Vancomycin-resistant Staphylococcus aureus

Vancomycin has been used to treat MRSA. In 1997, S. aureus with decreased susceptibility to vancomycin (VISA) was reported for the first time in the US. Since this first US report of VISA, the emergence of fully vancomycin-resistant S. aureus (VRSA) has been anticipated. 4 The Centers for Disease Control and Prevention (CDC), in collaboration with state health departments, initiated programs to promote the detection and control of VISA. In July 2002, the first documented case of infection caused by VRSA was reported in a patient in the US. 5The emergence of VRSA demonstrates the urgent need to implement preventive programs to address the problem of antimicrobial resistance in all health care settings.

Public Health Dispatch

Vancomycin-resistant Staphylococcus aureus - Pennsylvania, 2002. MMWR October 2002; 51 (40): 902.

Staphylococcus aureus Resistant to Vancomycin - US, 2002. MMWR July 2002; 51 (26): 565-567.

Action Plan to Combat Antimicrobial Resistance

Surveillance is among the four focus areas included in the Public Health Action Plan to Combat Antimicrobial Resistance. The action plan was developed by an interagency Task Force that was created in 1999. The Task Force is co-chaired by CDC, the Food and Drug Administration, and the National Institutes of Health, and also includes the Agency for Healthcare Research and Quality, the Health Care Financing Administration, the Health Resources and Services Administration, the Department of Agriculture, the Department of Defense, the Department of Veterans Affairs, and the Environmental Protection Agency.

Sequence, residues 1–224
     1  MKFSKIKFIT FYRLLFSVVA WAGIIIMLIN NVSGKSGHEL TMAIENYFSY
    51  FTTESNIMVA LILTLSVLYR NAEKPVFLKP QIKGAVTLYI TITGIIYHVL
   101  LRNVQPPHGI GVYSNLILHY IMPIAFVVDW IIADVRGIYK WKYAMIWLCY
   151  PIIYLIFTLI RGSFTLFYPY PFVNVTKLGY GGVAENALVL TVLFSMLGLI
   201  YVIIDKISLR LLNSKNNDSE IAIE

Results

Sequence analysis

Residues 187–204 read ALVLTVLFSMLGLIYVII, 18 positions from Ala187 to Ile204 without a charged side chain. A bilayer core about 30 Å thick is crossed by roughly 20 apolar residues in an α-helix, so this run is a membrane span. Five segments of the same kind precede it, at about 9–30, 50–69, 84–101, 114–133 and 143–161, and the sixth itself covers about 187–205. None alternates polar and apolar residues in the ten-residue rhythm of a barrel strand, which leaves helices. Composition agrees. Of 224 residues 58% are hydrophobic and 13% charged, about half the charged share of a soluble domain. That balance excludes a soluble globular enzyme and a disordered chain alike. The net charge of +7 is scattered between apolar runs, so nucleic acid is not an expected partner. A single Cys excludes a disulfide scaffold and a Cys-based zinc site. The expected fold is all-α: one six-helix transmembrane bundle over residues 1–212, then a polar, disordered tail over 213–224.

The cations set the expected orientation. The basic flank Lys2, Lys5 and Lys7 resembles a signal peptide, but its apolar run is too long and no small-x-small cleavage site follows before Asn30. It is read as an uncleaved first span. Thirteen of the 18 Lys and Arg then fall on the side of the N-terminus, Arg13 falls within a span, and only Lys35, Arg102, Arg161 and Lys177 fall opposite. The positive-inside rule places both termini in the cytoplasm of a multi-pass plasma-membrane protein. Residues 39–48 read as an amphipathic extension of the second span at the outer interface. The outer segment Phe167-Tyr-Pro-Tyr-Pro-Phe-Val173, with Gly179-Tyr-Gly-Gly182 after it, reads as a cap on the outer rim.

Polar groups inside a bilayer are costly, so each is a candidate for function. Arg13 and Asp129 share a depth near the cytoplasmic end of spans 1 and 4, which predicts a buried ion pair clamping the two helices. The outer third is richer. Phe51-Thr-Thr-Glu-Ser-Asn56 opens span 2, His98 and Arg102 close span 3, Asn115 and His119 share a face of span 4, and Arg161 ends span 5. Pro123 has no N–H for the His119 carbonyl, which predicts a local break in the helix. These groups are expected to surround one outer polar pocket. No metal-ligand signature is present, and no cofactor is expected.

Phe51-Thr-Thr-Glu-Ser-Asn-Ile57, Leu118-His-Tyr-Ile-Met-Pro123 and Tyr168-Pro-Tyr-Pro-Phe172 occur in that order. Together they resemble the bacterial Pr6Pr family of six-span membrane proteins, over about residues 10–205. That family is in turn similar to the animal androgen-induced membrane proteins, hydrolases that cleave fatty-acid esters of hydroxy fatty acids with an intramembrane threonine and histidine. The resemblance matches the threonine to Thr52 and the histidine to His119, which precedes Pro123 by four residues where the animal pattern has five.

CDC: Public health action plan to combat antimicrobial resistance

References

  1. Preventing antimicrobial-resistant healthcare infections: Beyond 2000. Clinical Updates in Infectious Diseases August 2000; 5 (2): 1-3.
  2. Jarvis W. Preventing the emergence of multidrug-resistant microorganisms through antimicrobial use controls: the complexity of the problem. Infection Control and Hospital Epidemiology August 1996; 17 (8): 490-495.
  3. Hooton TM, Levy SB. Antimicrobial resistance: A plan of action for community practice. American Family Physician March 2001; 63 (6): 1087-1096.
  4. Staphylococcus aureus with reduced susceptibility to vancomycin - United States, 1997. MMWR August 1997; 46 (33): 756-766.
  5. Staphylococcus aureus resistant to vancomycin - United States, 2002. MMWR July 2002; 51 (26) 565-567.
  6. Surveillance for penicillin-nonsusceptible Streptococcus pneumoniae - New York City, 1995. MMWR April 1997; 46 (14): 297-299.
  7. Breiman RF, Butler JC, Tenover FC, Elliot JA, Facklam RR. Emergence of drug-resistant pneumococcal infections in the United States. JAMA 1994; 271: 1831-5.
  8. Preventing emerging infectious diseases. A strategy for the 21 st century. MMWR September 1998; 47 (RR-15).
  9. Doern G, Brueggemann A, Huynh H, Wingert E, and Rhomberg P. Synopsis: Antimicrobial resistance with Streptococcus pneumoniae in the United States, 1997-98. Emerging Infectious Diseases November-December 1999; 5 (6): 757-765.
  10. National Nosocomial Infections Surveillance (NNIS) Semiannual Report. Centers for Disease Control and Prevention, December 2000.
  11. Recommendations for preventing the spread of vancomycin resistance: Recommendations of the Hospital Infection Control Practices Advisory Committee (HICPAC). MMWR September 1995; 44 (RR-12).

 

Antimicrobial Resistance Surveillance

Communicable Disease

Public Health